Saturday, April 24, 2010

Sierra's 5k

So I went into this race thinking I would comfortably dip under 17 minutes. I'm fit, I ran the first three miles of a four-mile race on Thanksgiving at 16:25, so it's about time I posted a decent (for me) 5k time on the roads. The weather had different ideas.

Before I get into a brief recap of the race, a little bit about the event itself. Firstly, I was comped in by the ever generous team - so thanks for that Simon. And secondly, this event has to be one of the biggest and best organized 5ks in Loveland/Fort Collins - which speaks volumes to the management of a race that is in just its third year. While there are certainly more competitive races in the area, I don't think there is a race for a cause that gets its message across quite as well as Sierra's race does, or raises as much money (I am sure), or is as well executed. Not only did the race committee get over 1,000 people to the start line this year and last, they also organized an army of volunteers, put on a huge post-race spread courtesy of some very generous sponsors, gave away some great raffle prizes (including a Mexican vacation), and even managed to find some surplus cash to dish out to top finishers. I've run many a 5k for a cause, but this one goes above and beyond.

The race? Well it didn't go quite as planned, but at least I got to turn the legs over a bit. The first mile was sheltered from the wind (which would have been tail) and rolled gently downhill, mile two continued outbound for a bit before a 90 degree turn to the west followed by a 90 degree turn to the north back up the hill into a fierce headwind toward the finish; and mile three was more of the same to the finish line.

I got out with the lead pack, and by the half mile Steve Folkerts had built himself a slight lead. The first mile clicked at 5:18 and by this time it looked like Steve was in command, leaving a race behind him for silver and bronze among the five or six of us in the chase pack. The crosswind and headwind zapped a good 20 seconds off my two-mile split, which clocked at 5:45, and then it was time to grind out the best of a bad situation up the hill into the wind. Being in a pack, I was able to secure some cover, but I would get frustrated at the slow lead pace and take up the pace only to be whacked in the face by the wind. This back and forth went on for most of the last mile with no-one being able to forge any kind of lead. With a quarter mile to go, I decided to let it go and muscle into the wind to see if I could create some separation. I think I got a bit, but not much. At the three-mile marker Tim Hebert eased by me and rolled in for second, while I was able to fend off the ageless Doug Bell for third, finishing in a pretty disappointing 17:43. Last 1.1 came in at 6:40. Ugh!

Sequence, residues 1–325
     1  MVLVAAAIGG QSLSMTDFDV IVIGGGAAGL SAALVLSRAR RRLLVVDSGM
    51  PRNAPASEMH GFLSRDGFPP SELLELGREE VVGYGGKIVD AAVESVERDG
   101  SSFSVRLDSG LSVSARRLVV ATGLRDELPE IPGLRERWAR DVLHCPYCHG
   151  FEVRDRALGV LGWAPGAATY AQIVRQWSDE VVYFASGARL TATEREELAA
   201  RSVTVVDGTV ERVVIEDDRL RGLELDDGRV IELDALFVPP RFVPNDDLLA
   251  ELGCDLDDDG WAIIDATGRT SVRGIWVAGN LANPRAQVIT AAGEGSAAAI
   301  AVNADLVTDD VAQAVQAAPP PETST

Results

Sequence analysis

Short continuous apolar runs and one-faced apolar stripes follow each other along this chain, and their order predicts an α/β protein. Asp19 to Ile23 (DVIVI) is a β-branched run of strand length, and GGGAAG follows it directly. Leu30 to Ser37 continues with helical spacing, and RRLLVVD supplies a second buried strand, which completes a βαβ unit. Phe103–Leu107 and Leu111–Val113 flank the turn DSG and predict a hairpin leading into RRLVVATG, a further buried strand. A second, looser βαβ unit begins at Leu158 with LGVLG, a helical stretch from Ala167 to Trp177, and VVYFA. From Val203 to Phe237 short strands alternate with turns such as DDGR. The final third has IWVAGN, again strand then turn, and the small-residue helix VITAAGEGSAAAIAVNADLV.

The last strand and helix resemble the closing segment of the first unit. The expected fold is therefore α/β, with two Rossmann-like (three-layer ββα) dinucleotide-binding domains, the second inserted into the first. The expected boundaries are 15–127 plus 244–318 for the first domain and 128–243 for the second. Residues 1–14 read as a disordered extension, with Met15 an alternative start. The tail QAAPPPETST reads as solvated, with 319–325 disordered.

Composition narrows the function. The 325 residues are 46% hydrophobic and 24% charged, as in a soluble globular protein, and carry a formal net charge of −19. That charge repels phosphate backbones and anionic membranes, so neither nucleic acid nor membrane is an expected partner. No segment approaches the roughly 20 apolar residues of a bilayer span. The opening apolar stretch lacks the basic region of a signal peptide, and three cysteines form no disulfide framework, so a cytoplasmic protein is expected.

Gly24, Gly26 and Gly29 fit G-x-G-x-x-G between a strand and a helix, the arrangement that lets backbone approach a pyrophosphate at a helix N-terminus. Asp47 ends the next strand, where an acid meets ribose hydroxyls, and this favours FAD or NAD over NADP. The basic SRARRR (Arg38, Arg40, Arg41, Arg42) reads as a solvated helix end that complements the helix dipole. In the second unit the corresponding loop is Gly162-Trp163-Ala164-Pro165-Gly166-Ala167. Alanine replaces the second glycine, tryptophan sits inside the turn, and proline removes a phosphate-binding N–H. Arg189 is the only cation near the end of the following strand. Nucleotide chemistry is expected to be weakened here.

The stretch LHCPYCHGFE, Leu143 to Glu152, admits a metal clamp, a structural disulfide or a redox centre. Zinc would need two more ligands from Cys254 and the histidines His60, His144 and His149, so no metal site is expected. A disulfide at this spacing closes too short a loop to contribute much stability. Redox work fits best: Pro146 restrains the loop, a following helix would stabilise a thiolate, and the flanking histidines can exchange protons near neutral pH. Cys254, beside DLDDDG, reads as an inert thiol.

Gorged myself on two Chick-fil-A sandwiches, one (small) subway sandwich and two breakfast burritos after the race - guess I was hungry - and caught up with a few characters from the local running circuit. I'll be racing Steve Folkerts, among others, again next weekend at the Crazy Legs Trail 10k over varied terrain at the Devil's Backbone where I like my chances a whole lot better than I did today.

Some start and finish footage over at RunColo:


  1. That is a pretty good time considering the wind - still well below my 5k PR!

    Looks like (from the sidebar) you have a win and course record to defend next weekend. Hopefully the rocks give you an edge over Steve F next weekend - good luck

  2. I second that, still well below my 5K PR as well! Nice job.

  3. A shave and a haircut are key for forging fast times in the wind. ;)

  4. Nick - yeah, I won by a second last year. Fun race.

    GZ- maybe worth a second per mile while racing, but by not shaving or cutting my hair regularly I get much bigger time gains during the day. All part of the master plan. BTW, was on Round Mountain today - it is primed and ready for TT duty.

  5. Last year at states 2nd - 4th were separated by 4 minutes - at a second per mile over 100 miles that could make a difference. Sounds like you need to go for the full shave :)

  6. Few beards and pony-tails to be seen at yesterday's London marathon, at least amongst the male runners... Good going. RC

  7. Dad - surely you remember back to '83 and Canterbury's very own Mike Gratton. He was about as bearded as they come when he won in London.

  8. Nice job on a tough, windy day!

    Why all the beard hate? It's gotten you this far, why mess with it?

  9. No hate. Just a bit of ribbing from hair challenged stalkers.